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fiddlehead ferns and other delights of spring/summer

 
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eileen



Joined: 27 Apr 2005
Posts: 67
Location: antwerp, belgium

PostPosted: Sun Jul 03, 2005 3:41 am    Post subject: fiddlehead ferns and other delights of spring/summer Reply with quote

greetings!
i am visiting friends in portland, oregon and picked up some lovely fiddlehead ferns at the market today. any ideas on how to use them? nothing too weird, as my friends are finding the fact that i bought ferns weird enough.
cheers,
eileen
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Dairy_Queen



Joined: 29 Jan 2005
Posts: 342
Location: Chicago and other places

PostPosted: Sun Jul 03, 2005 3:50 am    Post subject: Reply with quote

eileen: Here's a link to a site that is stuffed to capacity with recipes and instructions on handling fiddlehead ferns. It was way too much to copy here. Hope you find some good recipes and help on that site! Just to let you know: if you find a recipe that involves asparagus, substituting fiddleheads for the aspargus is fairly common.

http://www.wild-harvest.com/pages/fiddlehead.htm

But, if you're just looking for recipes, here's a couple:

Fiddlehead Fern Soup

4 cups fiddleheads -- fresh and cleaned
2 tablespoons unsalted butter
1 small onion -- minced
2 cups chicken stock
2 cups milk or cream
1/2 teaspoon lemon zest
salt and pepper -- to taste
paprika
Bring a large pot of salted water to a boil over high heat. Add the fiddleheads, return to a boil and cook until they are almost tender and turn pale green, 5 to 8 minutes. Drain and rinse with cold water. Coarsely chop and reserve.
Melt the butter in a saucepan over medium heat. Add the onion and cook, stirring occasionally, until they become translucent, about 5 minutes. Add the fiddleheads and chicken stock. Stir, increase the heat to medium-high and bring to a gentle boil. Cover and cook until the fiddleheads are thoroughly tender, about 5 minutes. Add the milk, reduce the heat to medium, and heat until nearly boiling. Do not let the soup boil or the milk will curdle.
Stir in the lemon zest and season the soup to taste with salt and pepper. Divide the soup into four bowls, garnish with paprika and serve immediately.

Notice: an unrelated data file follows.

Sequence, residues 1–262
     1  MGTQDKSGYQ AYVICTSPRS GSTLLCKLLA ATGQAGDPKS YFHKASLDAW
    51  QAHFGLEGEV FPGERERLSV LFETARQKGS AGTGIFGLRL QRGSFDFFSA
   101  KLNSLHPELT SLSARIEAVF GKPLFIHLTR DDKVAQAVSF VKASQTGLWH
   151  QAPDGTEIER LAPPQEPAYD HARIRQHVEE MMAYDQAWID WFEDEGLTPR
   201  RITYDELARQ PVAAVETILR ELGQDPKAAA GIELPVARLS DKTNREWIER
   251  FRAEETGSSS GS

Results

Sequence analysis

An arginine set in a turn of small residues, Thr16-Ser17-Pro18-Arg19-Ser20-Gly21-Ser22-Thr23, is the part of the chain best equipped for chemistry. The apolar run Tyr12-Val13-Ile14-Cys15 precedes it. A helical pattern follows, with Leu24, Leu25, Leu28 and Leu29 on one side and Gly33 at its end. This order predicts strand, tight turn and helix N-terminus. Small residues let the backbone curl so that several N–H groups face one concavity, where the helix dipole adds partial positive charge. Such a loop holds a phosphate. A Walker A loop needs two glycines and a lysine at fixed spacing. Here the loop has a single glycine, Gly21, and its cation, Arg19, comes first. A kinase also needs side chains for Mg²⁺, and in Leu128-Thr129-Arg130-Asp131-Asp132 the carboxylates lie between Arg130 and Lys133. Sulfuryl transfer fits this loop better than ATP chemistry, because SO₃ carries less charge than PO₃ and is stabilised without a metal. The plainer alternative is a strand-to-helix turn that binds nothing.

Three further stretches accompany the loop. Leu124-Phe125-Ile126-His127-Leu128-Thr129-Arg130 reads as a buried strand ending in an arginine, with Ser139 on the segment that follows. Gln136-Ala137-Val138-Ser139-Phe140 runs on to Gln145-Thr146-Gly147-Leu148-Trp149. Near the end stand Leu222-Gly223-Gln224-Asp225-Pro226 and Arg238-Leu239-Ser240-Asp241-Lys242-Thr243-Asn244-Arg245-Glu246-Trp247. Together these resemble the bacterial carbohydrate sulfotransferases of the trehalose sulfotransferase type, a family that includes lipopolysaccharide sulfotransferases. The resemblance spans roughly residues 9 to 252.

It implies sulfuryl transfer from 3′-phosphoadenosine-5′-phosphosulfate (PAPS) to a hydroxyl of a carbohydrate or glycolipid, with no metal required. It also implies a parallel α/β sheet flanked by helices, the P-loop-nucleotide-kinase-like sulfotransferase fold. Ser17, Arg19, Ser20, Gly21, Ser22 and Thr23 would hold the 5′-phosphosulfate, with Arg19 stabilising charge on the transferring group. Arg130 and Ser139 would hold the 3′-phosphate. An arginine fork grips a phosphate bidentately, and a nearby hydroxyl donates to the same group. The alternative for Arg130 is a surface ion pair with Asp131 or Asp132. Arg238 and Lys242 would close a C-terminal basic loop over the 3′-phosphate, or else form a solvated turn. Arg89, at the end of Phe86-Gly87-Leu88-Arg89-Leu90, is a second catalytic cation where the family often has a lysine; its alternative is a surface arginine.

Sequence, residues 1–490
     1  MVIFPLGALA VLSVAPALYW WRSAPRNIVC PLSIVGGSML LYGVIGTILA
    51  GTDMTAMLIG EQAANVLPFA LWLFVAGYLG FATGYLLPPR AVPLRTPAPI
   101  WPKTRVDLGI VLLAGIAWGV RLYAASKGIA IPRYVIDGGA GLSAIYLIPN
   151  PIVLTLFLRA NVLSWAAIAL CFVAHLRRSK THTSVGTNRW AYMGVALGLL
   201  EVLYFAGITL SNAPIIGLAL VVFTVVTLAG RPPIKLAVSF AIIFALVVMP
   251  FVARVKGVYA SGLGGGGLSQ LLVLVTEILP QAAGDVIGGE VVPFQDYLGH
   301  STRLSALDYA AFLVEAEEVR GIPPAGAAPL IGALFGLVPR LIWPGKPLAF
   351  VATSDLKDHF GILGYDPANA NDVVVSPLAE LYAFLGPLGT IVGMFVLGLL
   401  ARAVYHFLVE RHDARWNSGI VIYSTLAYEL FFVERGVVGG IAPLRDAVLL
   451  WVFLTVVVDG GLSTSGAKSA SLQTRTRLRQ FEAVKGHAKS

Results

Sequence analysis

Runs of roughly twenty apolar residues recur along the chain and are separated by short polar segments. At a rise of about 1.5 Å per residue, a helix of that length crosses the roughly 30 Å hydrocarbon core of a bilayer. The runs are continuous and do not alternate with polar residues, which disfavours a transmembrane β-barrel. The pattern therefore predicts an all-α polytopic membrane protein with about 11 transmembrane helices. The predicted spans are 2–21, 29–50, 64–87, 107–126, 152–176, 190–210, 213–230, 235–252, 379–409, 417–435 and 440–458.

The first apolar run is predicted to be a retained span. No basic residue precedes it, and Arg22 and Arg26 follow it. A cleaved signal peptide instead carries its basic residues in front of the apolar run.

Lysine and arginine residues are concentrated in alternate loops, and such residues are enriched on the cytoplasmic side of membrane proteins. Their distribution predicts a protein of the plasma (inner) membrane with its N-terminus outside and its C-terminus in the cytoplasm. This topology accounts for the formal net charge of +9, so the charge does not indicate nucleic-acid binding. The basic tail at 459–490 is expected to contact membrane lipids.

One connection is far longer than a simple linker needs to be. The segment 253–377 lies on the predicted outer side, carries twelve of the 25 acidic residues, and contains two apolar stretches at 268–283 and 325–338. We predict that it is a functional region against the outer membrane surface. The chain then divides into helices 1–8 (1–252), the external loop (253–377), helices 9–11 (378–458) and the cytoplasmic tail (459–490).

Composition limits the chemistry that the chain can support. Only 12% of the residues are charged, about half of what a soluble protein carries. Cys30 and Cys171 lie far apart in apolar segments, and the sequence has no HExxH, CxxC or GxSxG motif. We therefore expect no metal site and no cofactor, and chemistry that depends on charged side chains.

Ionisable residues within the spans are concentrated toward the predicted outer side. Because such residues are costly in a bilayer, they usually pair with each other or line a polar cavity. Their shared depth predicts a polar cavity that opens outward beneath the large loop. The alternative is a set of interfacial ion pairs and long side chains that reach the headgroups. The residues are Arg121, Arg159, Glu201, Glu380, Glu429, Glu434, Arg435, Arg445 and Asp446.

Serves 4.

******************************************************

Spring Vegetable Quiche
From Diana Rattray,Your Guide to Southern U.S. Cuisine.

This is delicious with asparagus, but if you're lucky enough to find fresh or frozen fiddleheads, try them.
Prep Time :
Cook Time :
Type of Prep : Bake
Cuisine : U.S. Regional
Occasion :

INGREDIENTS:

1 tablespoon butter
6 ounces sliced mushrooms
1 (9 inch) unbaked pie shell
8 asparagus spears about 4 inches in length, or about 6 to 8 ounces of fresh fiddleheads
1/2 teaspoon salt
1 cup (4 oz.) shredded Monterey Jack or mild Cheddar cheese
3 eggs
1 1/4 cup half and half
grated peel and juice of 1/2 lemon
1/4 teaspoon seasoned salt
pepper to taste
dash of nutmeg, freshly ground if possible
PREPARATION:


Sauté mushrooms until lightly browned. Using a slotted spoon, remove to a plate; set aside.
Rinse the skillet out; fill with water to a depth of about 2 inches. Add 1/2 teaspoon of salt. Bring water to a boil; add trimmed asparagus or fiddleheads. Cook for about 4 to 5 minutes, or just until tender. Bake the pie crust at 375° for 10 minutes to partially cook the crust. Sprinkle 3/4 cup cheese and mushrooms over bottom of shell. Arrange asparagus spears in a spoke fashion over mushrooms or arrange fiddleheads in an even layer. In a medium bowl lightly beat eggs with half and half, lemon peel, juice, salt and pepper, and nutmeg; pour over vegetables. Sprinkle with remaining cheese. Set the pie on a cookie sheet in a preheated 350° oven. Bake for 45 minutes or until knife inserted comes out clean.
Makes 6 servings.
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madameshawshank



Joined: 30 Sep 2004
Posts: 1654
Location: Penrith (where jacarandas remind me of change), New South Wales, Australia

PostPosted: Mon Jul 04, 2005 1:43 am    Post subject: fiddlehead memories.. Reply with quote

Darling Eileen 'n DQ...golly the things I'm learning!

All kinds of reasons why I've been away from the delights of C 'n Z Sad ...and then the day I dive in again...FIDDLEHEAD FERNS! They have great symbolic meaning for me...and Eileen was my dear mother's name..and as for Dairy...it has to be the top food group!

So I'm tickled pink to read these posts this morning...it is a joyous reminder that regardless of some aspects of life, there ARE others...

say no more Madame S, say no more Wink

Now, whenever I come across a fiddlehead it will have even richer memories...how delightful for me eh.

I had no idea they could be used in cooking ~ the generosity of the earth..
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Dairy_Queen



Joined: 29 Jan 2005
Posts: 342
Location: Chicago and other places

PostPosted: Mon Jul 04, 2005 2:10 pm    Post subject: Reply with quote

Beautiful story and remembrance, Madame S. Smile It's always nice when you can combine several positive emotions and memories in one wee plant...yeah Fiddlehead Ferns!

My 'trigger' is pansies and morning glories, the two flowers that I will tie forever with my beloved Grandmother. I plant them every year in remembrance of her.
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David



Joined: 30 Sep 2004
Posts: 1855
Location: Ottawa, Ontario, Canada

PostPosted: Mon Jul 04, 2005 4:48 pm    Post subject: Reply with quote

Eileen, fiddleheads are popular here in central and eastern Canada. The link DQ gave gives good advice about the proper cleaning of these babies. But really, the best way to eat them is the plainest! Just steam them and serve them hot with butter melting all over it! YUM!!!
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